Hurricanes are not the only potential disaster. Wildfire could decimate land surrounding the Kennedy Space Center and Cape Canaveral Air Force Station, the county’s moniker “Space Coast.” Ships wreck from wind, water, and tides eroding and shifting land along the 45-mile barrier island coastline, and people drown in the powerful riptide conditions off Brevard County beaches (all lifeguards have a minimum of first responder training). It is the sole county in the Palm Bay–Melbourne–Titusville, Florida Metropolitan Statistical Area, and ranks among the Top 100 most populous metropolitan areas in the United States. On any given day of the year, the county hosts an average of 1.2 million tourists.
Emergency calls reflect a mix of geography, climate, and demographics, with the space center adding a unique dimension. For example, in the latter category, the SpaceX launch of a recycled Falcon 9 rocket on March 30 might have triggered concerns of earthquake activity in a seismically inactive region.
“The sonic boom will literally shake your house,” Lugo said. “If you don’t know and your window rumbles and your house rattles, your first thought is calling 911. It’s an explosion or an earthquake, and we explain it’s the rocket.”
Coastline and abundant wildlife refuges carry with them the possibility of animal attacks or simply the fear of dangerous encounters from sharks, alligators, and wild boars. They don’t send response for a sighting, such as a shark swimming close to shore or an alligator basking on a log at the edge of a lagoon. And being chased by a wild boar while hiking at St. Sebastian River Preserve State Park? Well, that’s just another day in Florida. The hogs, which can weigh as much as 750 pounds, are a menace and environmental hazard rampaging rural areas, suburbs, and even a few cities, digging up palm groves, lawns, and beaches. They’re also temperamental.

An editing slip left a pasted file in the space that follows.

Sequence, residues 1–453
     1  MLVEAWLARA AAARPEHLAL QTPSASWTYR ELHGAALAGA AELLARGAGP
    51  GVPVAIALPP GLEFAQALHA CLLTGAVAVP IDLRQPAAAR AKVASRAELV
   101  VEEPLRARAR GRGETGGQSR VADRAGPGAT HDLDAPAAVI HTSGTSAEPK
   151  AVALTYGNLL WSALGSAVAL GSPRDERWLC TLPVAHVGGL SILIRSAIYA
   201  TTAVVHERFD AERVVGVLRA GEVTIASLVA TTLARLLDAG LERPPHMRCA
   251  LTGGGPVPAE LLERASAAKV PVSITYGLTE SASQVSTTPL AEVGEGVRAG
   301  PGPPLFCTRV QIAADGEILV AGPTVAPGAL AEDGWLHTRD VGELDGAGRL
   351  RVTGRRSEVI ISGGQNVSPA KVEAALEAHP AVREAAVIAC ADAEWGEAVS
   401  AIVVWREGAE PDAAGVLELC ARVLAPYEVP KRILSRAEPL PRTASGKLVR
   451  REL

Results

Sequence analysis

The demography of residents 65 years and older (20 percent of the population) and senior snowbirds (seasonal tourists) tend to increase calls involving falls, strokes, sudden cardiac arrest, and breathing problems. Spring break attracts college students from across the country for beach parties that, in turn, increase heat- and alcohol-related emergencies.
“It gets complicated,” Lugo said.
Some EMDs/EFDs like Karen Holly stay because of the variety.
“Every day is different,” said Holly, who is in her 15th year at the center. “You never know what’s going to happen next.”
For others, it’s the intensity of calls, occasional lockdowns, or the stress of unexpected events that drives the decision to look elsewhere for meaningful work. And not everyone can adjust to working in a bunker, despite great drainage and wind-proofing. It’s a tough job, which explains the large inflatable hammerhead shark that takes up temporary residency coinciding with Discovery Channel’s “Shark Week.”
“We have that conversation with everyone we interview,” said Radio System and Dispatch Manager Lesley Lewis, who has worked in Brevard County public service since the early 1980s. “You can’t stop everything. You learn to accept. We’re also underground so we have to be creative.”
The hammerhead actually stays tethered to the ceiling for a month. While they keep to the week designated for National Telecommunicator Week, it’s a full schedule of daily events, such as Crazy Hair Day and Favorite Sport Team Day, plus the highly anticipated annual family picnic rotated among the county’s 10 PSAPs. They celebrate birthdays, holidays, and notable calls (such as cardiac saves and baby deliveries).
The bunker, however, will soon see its last days in dispatch. A five-year plan calls for a move to a dedicated center closer to county offices in Melbourne.
The shark will go with them, although windows might demote panoramic ceiling photos to permanent storage.
“We’ll adjust,” Lewis said. “We always do.”